We left Angoulême, cheered on by sunflower meadows and crossed into Spain, winding through the verdant contours of the Pyrenees. The mountains began to taper off as we moved south and deep greens gave way to the hazier shades of a more arid landscape. After spending a night in the hills north of Madrid – carefully disinfecting our hotel room – we rose early and hotfooted it south to Andalucía.

Casarabonela: a town of white building nestled in a valley among green hillsides
Casarabonela became home for to the secret digital nomad © Jack Boswell

Olive groves greeted us, stretching into the distance as if they were a patterned cloth draped gently over the hillsides. Arriving in the small town of Casarabonela, we met our hosts and followed them up a dusty track to their farm, nestled high outside the town. This would be home for the next six weeks.

Though the reality of work soon returned, there were enough changes to my routine that the novelty didn’t wear off. In the mornings, we wandered through citrus groves, picking beautifully misshapen oranges and lemons – no supermarket perfection here. During the day, I worked outside despite the 95ºF (35ºC) heat. If I felt a seed of stress beginning to put down roots, I took a breath and gazed out at the white fincas dotting the landscape. The intrusive sound of cicadas meant phone calls had to happen inside – judging from the unrelenting level of their mating chirps, I could only assume I was staying on a particularly sex-starved hillside.

A man sits at a desk with a laptop. Behind him is a stunning view of olive groves. A painting by artist Georgia O'Keeffe is propped against the wall
Jack needed to replicate the backdrops of home for his team calls © Jack Boswell

There was only one thing which could bring my new life crashing down around me: team drinks. Alongside the luggage stuffed in the car was a large print of Georgia O’Keefe’s Ritz Tower, Night which I’d bought from her retrospective at the Tate Modern. It had hung on my living room wall throughout lockdown and was the most distinctive part of my background on video calls. I planned to place it behind me to smooth the transition and stave off suspicion from colleagues. Though I felt guilty at the concerted attempt to conceal my whereabouts, I couldn’t resist introducing a little farce. My colleagues are all good-natured and I hoped they would see the humor in it when I finally came clean. Not wanting to put a nail in the wall, I propped the painting on a large pot. As 5pm approached, I checked the weather in London and pulled a grey jumper over my pastel-pink t-shirt. It was hot in Andalucía but I needed to fit in with the English climate. My colleagues seemed none the wiser, until I shuffled to re-adjust myself and knocked the pot by mistake, sending the painting tumbling out of view. I fumbled for an excuse. Whether they believed me remains to be seen.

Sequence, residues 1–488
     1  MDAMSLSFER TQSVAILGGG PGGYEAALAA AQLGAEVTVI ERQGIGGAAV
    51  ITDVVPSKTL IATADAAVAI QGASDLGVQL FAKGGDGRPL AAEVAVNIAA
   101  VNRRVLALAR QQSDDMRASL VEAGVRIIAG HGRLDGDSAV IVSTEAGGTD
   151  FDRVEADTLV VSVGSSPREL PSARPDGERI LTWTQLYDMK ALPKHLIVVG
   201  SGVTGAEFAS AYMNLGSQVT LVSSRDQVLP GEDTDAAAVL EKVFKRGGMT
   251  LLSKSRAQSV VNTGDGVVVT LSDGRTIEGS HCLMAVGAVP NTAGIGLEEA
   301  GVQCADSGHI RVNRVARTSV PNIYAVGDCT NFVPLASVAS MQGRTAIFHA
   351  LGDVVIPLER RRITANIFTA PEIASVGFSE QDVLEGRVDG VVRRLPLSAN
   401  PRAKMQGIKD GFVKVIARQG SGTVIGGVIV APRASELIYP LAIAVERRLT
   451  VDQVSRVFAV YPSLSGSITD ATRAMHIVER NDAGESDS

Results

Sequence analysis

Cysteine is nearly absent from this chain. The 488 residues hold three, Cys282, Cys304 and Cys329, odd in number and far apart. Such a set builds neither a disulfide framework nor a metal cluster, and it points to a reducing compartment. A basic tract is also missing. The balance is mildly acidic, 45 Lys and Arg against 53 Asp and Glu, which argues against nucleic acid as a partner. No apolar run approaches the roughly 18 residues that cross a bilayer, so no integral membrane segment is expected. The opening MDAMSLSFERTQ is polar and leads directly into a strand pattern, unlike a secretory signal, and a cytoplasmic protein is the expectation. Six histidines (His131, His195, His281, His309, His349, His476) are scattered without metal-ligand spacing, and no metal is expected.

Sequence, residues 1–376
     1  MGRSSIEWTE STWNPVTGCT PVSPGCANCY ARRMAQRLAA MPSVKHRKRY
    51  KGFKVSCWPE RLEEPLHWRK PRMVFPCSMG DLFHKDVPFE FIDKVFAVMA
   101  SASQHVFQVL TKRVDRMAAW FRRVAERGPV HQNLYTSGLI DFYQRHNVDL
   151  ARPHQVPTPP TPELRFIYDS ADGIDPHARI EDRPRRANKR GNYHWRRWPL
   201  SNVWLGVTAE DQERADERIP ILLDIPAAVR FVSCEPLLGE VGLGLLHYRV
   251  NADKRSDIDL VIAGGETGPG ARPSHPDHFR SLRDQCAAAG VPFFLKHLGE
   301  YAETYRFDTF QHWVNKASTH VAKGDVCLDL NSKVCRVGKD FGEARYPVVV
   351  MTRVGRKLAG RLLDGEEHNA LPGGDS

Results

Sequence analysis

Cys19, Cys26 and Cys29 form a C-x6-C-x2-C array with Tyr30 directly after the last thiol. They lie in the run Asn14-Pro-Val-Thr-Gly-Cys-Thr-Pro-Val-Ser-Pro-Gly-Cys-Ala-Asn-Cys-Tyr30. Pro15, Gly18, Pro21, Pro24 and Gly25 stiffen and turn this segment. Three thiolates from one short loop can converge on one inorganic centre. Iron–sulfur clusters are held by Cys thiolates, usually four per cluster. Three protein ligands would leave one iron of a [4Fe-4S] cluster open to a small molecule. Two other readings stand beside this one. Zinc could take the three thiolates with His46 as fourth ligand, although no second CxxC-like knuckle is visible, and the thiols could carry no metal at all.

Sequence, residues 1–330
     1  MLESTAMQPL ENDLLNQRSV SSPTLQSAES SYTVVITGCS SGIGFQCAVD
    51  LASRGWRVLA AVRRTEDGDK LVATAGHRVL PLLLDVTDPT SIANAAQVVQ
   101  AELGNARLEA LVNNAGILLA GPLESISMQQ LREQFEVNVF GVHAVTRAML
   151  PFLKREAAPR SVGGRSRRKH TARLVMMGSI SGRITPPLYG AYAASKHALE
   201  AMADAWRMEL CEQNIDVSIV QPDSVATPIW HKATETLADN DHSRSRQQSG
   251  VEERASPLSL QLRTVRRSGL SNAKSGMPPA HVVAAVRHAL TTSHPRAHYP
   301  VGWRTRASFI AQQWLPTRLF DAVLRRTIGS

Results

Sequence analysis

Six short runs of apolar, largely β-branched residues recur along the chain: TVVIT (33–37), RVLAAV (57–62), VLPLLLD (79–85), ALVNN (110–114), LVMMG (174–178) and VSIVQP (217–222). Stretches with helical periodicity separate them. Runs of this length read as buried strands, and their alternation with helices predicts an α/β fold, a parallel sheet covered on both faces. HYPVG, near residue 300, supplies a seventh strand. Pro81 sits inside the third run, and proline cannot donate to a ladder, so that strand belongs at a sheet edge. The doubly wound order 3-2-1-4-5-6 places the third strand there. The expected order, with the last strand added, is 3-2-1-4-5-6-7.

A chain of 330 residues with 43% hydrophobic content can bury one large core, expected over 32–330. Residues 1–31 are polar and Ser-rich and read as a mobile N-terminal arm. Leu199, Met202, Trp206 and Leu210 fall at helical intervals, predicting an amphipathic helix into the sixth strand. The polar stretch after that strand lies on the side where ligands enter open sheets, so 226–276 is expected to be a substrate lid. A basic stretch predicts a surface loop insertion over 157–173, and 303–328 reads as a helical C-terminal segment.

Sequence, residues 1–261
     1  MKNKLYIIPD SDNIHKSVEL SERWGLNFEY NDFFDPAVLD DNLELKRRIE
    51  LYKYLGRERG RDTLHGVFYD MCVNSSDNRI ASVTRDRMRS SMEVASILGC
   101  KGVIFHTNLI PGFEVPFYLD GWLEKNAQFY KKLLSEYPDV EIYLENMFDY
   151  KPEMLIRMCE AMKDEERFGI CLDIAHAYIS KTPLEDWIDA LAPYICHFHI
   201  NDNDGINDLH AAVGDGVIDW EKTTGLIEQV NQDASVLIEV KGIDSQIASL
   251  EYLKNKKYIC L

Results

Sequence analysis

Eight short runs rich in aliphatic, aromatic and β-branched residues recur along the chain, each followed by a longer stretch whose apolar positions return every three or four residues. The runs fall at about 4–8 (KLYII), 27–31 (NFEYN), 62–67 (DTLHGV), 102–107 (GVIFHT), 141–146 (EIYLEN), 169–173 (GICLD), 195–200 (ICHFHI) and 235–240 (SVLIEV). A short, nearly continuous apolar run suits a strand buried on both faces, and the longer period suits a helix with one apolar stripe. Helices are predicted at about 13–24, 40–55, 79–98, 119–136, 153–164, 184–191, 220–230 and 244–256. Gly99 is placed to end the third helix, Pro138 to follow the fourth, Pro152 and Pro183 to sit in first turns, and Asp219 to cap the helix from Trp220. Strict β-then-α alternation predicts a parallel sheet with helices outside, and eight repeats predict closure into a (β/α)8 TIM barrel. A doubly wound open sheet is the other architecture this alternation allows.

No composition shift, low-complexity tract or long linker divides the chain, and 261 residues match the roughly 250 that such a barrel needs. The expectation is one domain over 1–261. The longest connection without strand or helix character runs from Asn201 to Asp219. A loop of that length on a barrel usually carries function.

A white sheet hangs on a wall with a painting by Georgia O'Keeffe (a skyscraper at night) propped up against it
A sheet and a painting were key to creating the illusion of home © Jack Boswell

It’s been a month since we left England. There’s been no impact on the quality of my work and it feels like the right time to come clean. I’ll be the first to admit this experiment isn’t open to everybody. It’s hard not to feel guilty when I think of a close friend who spent months treating patients in hospital, covered in PPE. I’m lucky I could work remotely, didn’t have commitments tying me to home and found someone to sublet my flat for a month.

Soon, I will speak to my boss and face the music. But can the organization really conjure a compelling reason why I should return to my desk, lit by fluorescent lighting panels, after I’ve worked under a canopy of blue sky with no discernible difference? Who knows, maybe my boss had a similar plan herself and I’ll bump into her walking along the dusty track. Either way, I hope this emergency health measure becomes a permanent way of life for many of us. Wish me luck.